Angelic Paranoia

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What I am reading Wednesday

I've had a cold, so I got a lot of books read.

What I Just Finished Reading
Rosamund Heads the Chalet School by Lisa Townsend. This is a Chalet School book written by someone else. It follows the same term as Redheads, but is about the head girl, who barely appears in Redheads. I enjoyed it - it was a pretty standard Chalet School story. Although I couldn't remember Redheads and at one point something happens, but Rosamund doesn't know what and it's never explained. So I then went on to read Redheads, which I'd recently acquired from GGBP, since it's one of the few I don't own at all.

Redheads at the Chalet School by Elinor M Brent-Dyer. I enjoyed this, especially seeing the other side of events that happened in Rosamund. The only trouble is that Lisa Townsend pointed out the inconsistencies and then I could really see them. Without having them pointed out I would never have noticed. In retrospect, I should have read this one first.

Spectacles by Sue Perkins. I love an autobiography and this one was interesting with her being on Taskmaster at the moment. It was just interesting to see her life and how she got into comedy.

The Female of the Species by Lionel Shriver. I was reminded of the existence of Lionel Shriver recently when I went to a second hand book shop and some of her books were there. I have a weird relationship with her books because I don't know if I like them or not. I owned a copy of Double Fault for a while, and then struggled to get rid of it because I wanted to re-read it but couldn't. But I thought I'd try some more because they are interesting. This one was her first book and it was a bit of a struggle. I found the characters a bit odd and weirdly named. There were very long flashbacks, which didn't feel relevant at the time (but were later). I don't know if I liked it or not.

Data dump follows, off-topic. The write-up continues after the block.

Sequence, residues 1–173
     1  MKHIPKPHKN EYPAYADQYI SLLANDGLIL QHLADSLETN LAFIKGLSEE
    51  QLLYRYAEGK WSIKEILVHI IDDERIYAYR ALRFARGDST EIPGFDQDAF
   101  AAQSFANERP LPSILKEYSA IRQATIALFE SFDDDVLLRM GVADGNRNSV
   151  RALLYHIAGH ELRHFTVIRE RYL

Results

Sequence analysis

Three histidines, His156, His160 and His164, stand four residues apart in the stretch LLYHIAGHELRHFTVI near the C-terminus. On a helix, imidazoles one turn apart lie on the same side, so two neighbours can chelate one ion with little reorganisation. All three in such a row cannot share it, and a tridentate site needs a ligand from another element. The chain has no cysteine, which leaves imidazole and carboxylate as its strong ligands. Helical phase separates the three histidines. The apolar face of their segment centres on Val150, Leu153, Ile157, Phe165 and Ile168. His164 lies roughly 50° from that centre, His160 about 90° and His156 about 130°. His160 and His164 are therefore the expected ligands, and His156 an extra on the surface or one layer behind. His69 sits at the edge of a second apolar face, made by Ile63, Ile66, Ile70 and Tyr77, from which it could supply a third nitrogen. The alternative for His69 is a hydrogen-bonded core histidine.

Should We Stay or Should We Go by Lionel Shriver. This is about a married couple deciding to commit suicide together when they're 80 (which happens to be March 2020). And then each chapter is a different idea of what happens with them going through with it or not. Some of them massively go off into flights of fancy. It was all right, but I have two problems with this book. One is the number of pages that went on about Brexit. Maybe that'll be interesting in 50 years time, but not yet. And also the author is American but set it in Britain. So there are a few weird things in there, like one character getting ALS and a mention of England having been a member of he EU.

The Girl on the 88 Bus by Freya Sampson. I read her first book, The Last Library, when I was on holiday and immediately put this ebook on hold from the library. Then it took ages to get to me. It's about a man looking for a girl he met once on the bus. And it's also about various characters in it following their own path, rather than the ones their parents have set out for them. Partway through this I worried that there was going to be an unlikely romance in it (like her last book, although that only happened right at the end). But then the plot took a turn, the romance took a back seat and then I really enjoyed it.

Surprise Me by Sophie Kinsella. I got into Sophie Kinsella when I picked one of her books for a reading challenge, knowing nothing about it. They're easy to read and have interesting characters (with some really interesting jobs). But I can't read too many at one time because quite a few are about romance (even though they don't sound like are they). This one isn't, strictly speaking, since the main character is married. I really enjoyed it - there was a mystery brewing which doesn't get solved until the end and I was into that.

What I'm Currently Reading
The Week (magazine). It was posted on Thursday and arrived today. So now I've finished my book, I will catch up on week-old news.

What I'm Reading Next
I Owe You One by Sophie Kinsella. The last of her books I have to read, aside from the Shopaholic series, which I've tried and I'm not into. I don't know anything about it, I didn't even bother to read the blurb. Annoyingly though, the library doesn't have it in ebook form, only in hardback. Which are needlessly big and heavy.